Tryst

A picnic just for two.


Bert slips his finger round the rim of his collar and wishes he’d worn something less chunky today. A thick jumper seemed perfect this morning but now, with the warm golden light of a late September dusk beating on his head, he regrets his hasty choice. Autumn. He makes a soft noise of disgust. Should have known better, really. Still too changeable by far and he always breaks out into a sweat during one of these meetings. Another thing to chalk up and remember for next time, he muses, and mops his brow with his sleeve. Ah well… no help for it now.

 

 

Maggie told him to check out the ponies while she keeps an eye on the food. He didn’t want to and feels sure something’s about to go south, plus they aren’t the ones who’d been in the field the first time; he remembers them with little thrill of affection. A pretty little grey with huge brown eyes and a lovely reddish-brown, ginger, coloured one … Bert racks his brain about what horsey folk call it and then it comes. Chestnut. Yes, that’s right, chestnut. These ones are darker, with black tails and manes, but they have soft noses which push at his hands, hoping for a mint or bit of apple. He grins, digs a couple of pieces of granny smith out of his trouser pockets and then sniffs the air with appreciation when he catches the whiff of cooking sausage he’s put on the grill for their own supper. Bert extends his palm, apple offering in situ, and soft lips take it leaving a trace of slobber.

 

 

Fastidiously, Bert takes his hanky, a white cotton square with his name neatly embroidered in the corner, cleans his hand, and then gives a friendly last nod to the ponies. Cooked sausages wait for no man, and these smell as if they are done to a ‘t’. His mouth waters with anticipation and he takes off to the pretty copse where his van is parked where he can hear Maggie humming tunelessly. When he arrives, the sausages have started to catch and she’s not paying them any attention at all. What did he expect? Instead, he notices the open bottle of red wine on the small picnic table and the thick red lipstick marks colouring the rim of his best crystal wineglass.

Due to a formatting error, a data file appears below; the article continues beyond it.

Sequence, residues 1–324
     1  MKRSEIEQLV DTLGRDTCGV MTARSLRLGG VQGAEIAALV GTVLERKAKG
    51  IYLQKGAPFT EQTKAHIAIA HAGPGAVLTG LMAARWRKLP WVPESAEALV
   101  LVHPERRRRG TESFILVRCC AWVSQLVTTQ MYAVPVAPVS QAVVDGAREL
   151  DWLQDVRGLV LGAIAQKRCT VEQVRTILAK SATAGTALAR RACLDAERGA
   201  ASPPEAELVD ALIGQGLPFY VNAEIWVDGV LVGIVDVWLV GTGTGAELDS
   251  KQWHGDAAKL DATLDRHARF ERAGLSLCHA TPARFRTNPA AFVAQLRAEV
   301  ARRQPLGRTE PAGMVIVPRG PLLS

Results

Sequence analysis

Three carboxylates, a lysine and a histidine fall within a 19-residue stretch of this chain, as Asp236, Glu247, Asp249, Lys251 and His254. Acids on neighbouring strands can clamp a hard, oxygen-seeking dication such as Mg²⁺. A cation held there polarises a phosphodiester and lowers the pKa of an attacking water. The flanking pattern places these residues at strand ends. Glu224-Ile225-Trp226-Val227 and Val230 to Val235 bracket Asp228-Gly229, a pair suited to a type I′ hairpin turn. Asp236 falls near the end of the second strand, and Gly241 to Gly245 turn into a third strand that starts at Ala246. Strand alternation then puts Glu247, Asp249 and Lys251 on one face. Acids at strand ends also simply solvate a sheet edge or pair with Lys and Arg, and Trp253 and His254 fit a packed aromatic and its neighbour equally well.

Suppressing a twinge of irritation, he eyes her, wondering, not for the first time, why they agree to meet every year? “Maggie dear, couldn’t you have dealt with the sausages so they didn’t burn?”

 

 

“Bert,” she says, and her critical gaze turns on him, “you know they aren’t my thing. Bad for the figure and the heart.”

 

 

Bert shifts a little, aware he’s packed on more than a few pounds round the middle and his doctor told him to cut back on fat. “I remembered to bring salad -” he says, and nods towards a bowl of green leaves, assorted other veggies and tomatoes – “and salmon. I’m doing it the way you like with a bit of soy and ginger, sticky rice…” He trails off, fidgets a bit more, clenches his fists.

 

 

And Maggie’s expression softens to offer a thin smile. “That’s almost decent of you, Bert.”

 

 

“I do remember,” he says, choosing to ignore the dig and captures the cooking tongs with a nifty swipe at the table. Thankfully the sausages are only charred a wee bit and he can rescue them if he chops off the black bits. Behind him, he can hear Maggie glugging more wine into her glass; he knows she’ll be pissed soon. He attempts some small talk. “So… how’ve you been?”

 

 

“Same old, same old,” she says. “Could do with a change of scenery.”